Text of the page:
It is not only Daniel Day-Lewis who gave an excellent performance, there were so many standouts that deserve praise. A few of the best performances are Sally Field as Mary Todd Lincoln, David Strathairn as Secretary of State William H. Seward, Tommy Lee Jones as Thaddeus Stevens, Lee Pace as Fernando Wood and Jared Harris as Ulysses S. Grant, which was the biggest surprise for me since he captured so much of who Grant was in his small amount of screen time. Adam Driver even has a small role in the film.
On a technical side, the film is near perfection. The production design stood out, from the muddy battlefields, to the halls of the White House, everything feels like you're looking at film footage of 19th century America. The costumes, hair and makeup are excellent as well, making everybody look like they were from the 1860s. John Williams stirring score makes its presence known to help bolster the film with a very subdued, but powerful presence. Finally, the cinematography, my god, it was absolutely stunning. Cinematographer Janusz Kamiński did a wonderful job, using natural lighting, such as with shadows that hits a characters face which helps evoke the mood of the scene.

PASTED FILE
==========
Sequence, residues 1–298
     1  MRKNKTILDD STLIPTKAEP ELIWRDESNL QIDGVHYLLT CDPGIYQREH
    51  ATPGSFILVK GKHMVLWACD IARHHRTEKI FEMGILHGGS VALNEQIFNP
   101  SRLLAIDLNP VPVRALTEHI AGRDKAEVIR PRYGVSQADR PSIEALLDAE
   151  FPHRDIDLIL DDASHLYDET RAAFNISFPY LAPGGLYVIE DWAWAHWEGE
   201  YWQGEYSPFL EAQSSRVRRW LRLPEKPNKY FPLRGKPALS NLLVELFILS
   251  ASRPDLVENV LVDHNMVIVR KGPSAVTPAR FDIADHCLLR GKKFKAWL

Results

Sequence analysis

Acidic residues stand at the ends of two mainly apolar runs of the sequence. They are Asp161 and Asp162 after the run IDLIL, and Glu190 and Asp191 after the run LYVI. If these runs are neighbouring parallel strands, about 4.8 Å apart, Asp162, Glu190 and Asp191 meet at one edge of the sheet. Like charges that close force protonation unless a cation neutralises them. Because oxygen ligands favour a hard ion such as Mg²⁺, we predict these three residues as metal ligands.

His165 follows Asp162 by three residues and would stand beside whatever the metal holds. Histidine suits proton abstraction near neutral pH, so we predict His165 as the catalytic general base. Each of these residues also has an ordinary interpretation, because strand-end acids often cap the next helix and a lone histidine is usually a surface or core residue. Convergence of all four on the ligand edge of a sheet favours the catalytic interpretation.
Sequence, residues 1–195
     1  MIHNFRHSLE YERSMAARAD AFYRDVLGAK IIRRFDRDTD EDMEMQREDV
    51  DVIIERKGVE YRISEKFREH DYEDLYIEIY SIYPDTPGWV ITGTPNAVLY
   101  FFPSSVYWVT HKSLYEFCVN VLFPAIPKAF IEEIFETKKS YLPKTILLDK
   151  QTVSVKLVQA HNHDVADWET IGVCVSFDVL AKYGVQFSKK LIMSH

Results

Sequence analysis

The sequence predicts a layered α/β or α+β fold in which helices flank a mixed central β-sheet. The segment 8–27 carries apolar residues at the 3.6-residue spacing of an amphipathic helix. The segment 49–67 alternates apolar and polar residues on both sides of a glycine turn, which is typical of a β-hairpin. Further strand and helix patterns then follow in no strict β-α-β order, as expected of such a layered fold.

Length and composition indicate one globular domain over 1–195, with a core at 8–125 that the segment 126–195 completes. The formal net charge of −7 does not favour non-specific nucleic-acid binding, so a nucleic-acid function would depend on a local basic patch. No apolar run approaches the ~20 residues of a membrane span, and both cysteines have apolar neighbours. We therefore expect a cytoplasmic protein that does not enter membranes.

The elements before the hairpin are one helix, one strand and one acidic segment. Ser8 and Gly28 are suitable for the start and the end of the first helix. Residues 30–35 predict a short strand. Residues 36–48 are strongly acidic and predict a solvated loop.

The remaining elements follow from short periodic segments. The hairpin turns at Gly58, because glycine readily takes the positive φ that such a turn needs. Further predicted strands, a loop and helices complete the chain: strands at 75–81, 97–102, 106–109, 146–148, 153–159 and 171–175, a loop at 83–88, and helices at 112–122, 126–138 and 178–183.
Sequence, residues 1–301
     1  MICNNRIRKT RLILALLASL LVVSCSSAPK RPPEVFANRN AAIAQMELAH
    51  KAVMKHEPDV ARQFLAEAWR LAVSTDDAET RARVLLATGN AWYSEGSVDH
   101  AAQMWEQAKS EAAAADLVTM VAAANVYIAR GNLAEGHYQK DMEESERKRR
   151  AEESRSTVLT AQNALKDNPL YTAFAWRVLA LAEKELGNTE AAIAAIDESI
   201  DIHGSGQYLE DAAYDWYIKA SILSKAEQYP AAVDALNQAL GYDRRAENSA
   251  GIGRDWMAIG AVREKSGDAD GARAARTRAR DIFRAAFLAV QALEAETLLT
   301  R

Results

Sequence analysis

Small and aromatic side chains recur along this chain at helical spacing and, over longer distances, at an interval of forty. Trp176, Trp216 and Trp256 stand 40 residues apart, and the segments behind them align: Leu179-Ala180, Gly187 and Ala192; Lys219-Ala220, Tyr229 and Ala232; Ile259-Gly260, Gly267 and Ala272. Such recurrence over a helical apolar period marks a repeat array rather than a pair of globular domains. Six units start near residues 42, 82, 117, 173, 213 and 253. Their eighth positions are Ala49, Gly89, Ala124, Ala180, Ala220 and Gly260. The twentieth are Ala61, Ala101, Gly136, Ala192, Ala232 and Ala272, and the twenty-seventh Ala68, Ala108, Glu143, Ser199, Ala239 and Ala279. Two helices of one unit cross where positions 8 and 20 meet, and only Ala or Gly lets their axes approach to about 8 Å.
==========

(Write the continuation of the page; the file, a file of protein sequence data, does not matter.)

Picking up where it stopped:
After the film ended, I realized that I want to learn more about President Abraham Lincoln and the Civil War. While it's a subject that I have studied to a degree, I realize that there is so much more that I need to learn. A masterpiece in every sense of the word, director Steven Spielberg's film on the passage of the 13th Amendment to the United States Constitution, is an engaging piece of cinema. Despite some minor faults, mostly not fully exploring some of President Lincoln's faults, the film is an achievement in historical adaptations for the big screen and just cinema in general. Anyone who is interested in United States history, a Civil War buff, a Presidential historian, or just someone who is interested in giving this movie a try, will not be disappointed. I highly, highly, highly recommend it!!!